Howden Ganley: 1975 Nürburgring 1000Km
Despite owning a brace of year-old Gulf GR7 Mirages, Gelo Racing boss Georg Loos concentrated on his GT Porsches. But the Nürburgring 1000Km was different. His compatriot Willi Kauhsen, who was running year-old Alfa T33TT12s, entered three cars for the first time; Loos responded with both GR7s. His drivers were John Watson/Tom Pryce and Tim Schenken/Howden Ganley.
This was to be Ganley’s first race since his big smash at the same circuit the year before: “I went past the scene of my accident, made a mental note and then forgot about it. I loved the ‘Ring, and anyway, it wasn’t the cause of my crash.” The F1 Maki was.
“Tim and I decided on a race pace and stuck to it. The turbo Alpine was a lot quicker over a lap, but we were confident that it wouldn’t make the distance.” Jean-Pierre Jabouille had put the A442 on pole by 14sec, but he and Gérard Larrousse ran more conservatively in the race. Even so, the V6 went off song.
The front row-starting 33 of Henri Pescarolo had crashed on the first lap with a blown tyre. But the Alfa threat was still strong: Jochen Mass/Jody Scheckter led until their brakes went AWOL.
The Mirage assumed the lead, and although the third Alfa was closing, Ganley was unconcerned: “The final stop was just like any other. Dive in. Stop. Flick the buckle. Hop out.” Except that someone was pushing him back in: Schenken. The team, a mix of Gelo and Gulf Racing, was about to unravel.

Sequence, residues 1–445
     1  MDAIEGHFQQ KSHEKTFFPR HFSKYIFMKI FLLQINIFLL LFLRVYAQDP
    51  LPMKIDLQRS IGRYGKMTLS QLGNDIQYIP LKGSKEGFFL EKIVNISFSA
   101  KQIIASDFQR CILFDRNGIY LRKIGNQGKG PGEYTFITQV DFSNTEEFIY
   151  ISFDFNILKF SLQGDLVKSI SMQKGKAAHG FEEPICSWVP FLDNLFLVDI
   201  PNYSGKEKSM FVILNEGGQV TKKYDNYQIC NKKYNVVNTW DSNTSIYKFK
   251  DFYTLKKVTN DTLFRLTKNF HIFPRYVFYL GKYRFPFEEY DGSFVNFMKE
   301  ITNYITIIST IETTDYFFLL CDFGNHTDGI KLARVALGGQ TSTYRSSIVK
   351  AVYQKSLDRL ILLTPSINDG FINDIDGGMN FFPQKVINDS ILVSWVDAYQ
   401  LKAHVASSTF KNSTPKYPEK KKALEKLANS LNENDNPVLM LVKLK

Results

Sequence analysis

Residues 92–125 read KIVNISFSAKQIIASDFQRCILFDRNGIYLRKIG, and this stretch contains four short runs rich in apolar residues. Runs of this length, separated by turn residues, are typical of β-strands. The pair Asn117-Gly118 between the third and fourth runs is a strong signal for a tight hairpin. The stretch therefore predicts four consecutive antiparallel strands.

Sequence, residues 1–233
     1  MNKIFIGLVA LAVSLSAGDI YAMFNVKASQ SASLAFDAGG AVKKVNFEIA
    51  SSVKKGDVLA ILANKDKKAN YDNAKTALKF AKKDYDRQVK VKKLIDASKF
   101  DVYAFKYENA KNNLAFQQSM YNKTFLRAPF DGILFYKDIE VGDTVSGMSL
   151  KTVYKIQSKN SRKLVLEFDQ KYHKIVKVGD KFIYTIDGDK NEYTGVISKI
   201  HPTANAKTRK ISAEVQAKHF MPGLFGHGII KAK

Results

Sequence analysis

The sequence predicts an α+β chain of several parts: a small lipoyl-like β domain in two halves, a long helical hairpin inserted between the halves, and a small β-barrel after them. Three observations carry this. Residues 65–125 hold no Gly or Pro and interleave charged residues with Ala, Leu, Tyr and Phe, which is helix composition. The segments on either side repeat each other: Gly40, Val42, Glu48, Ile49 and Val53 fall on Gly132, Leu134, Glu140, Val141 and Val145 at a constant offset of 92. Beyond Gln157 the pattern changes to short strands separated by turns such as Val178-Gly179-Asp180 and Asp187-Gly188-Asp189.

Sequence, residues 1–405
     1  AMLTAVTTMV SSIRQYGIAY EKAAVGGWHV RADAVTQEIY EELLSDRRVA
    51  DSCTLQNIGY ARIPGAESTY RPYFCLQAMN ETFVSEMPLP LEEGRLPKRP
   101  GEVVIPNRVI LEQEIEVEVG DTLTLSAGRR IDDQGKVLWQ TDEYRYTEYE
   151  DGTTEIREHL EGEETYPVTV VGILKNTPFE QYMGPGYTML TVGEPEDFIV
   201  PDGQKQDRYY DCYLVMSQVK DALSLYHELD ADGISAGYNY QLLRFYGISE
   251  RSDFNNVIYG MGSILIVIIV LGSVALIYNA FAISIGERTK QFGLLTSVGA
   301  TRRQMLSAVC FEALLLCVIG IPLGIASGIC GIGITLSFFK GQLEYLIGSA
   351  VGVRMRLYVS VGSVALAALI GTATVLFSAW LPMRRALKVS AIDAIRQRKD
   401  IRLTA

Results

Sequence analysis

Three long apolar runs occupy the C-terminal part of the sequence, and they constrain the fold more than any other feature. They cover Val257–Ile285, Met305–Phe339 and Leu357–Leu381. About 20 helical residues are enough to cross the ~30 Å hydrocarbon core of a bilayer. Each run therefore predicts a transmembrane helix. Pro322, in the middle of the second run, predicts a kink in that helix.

“Tim seemed to think it’d be faster if I stayed in,” says Ganley. “But by the time we’d all agreed on what we were doing, the Alfa had taken the lead. I was still confident that I could catch up and win, but in the pandemonium the guys had forgotten to change the front-left tyre. It was totally knackered. The understeer was terrible. I was able to hold the gap but not close it.”
But what really annoyed Ganley was his discovery that this fateful pitstop had been unnecessary: “We could have gone the distance on three stops, not four. Someone had got their calculations wrong.”
This was explained to him by Gulf Racing’s John Horsman, who would have been in Howden’s pit had he not been preparing for Le Mans. Some you lose and — two weeks later — some you win.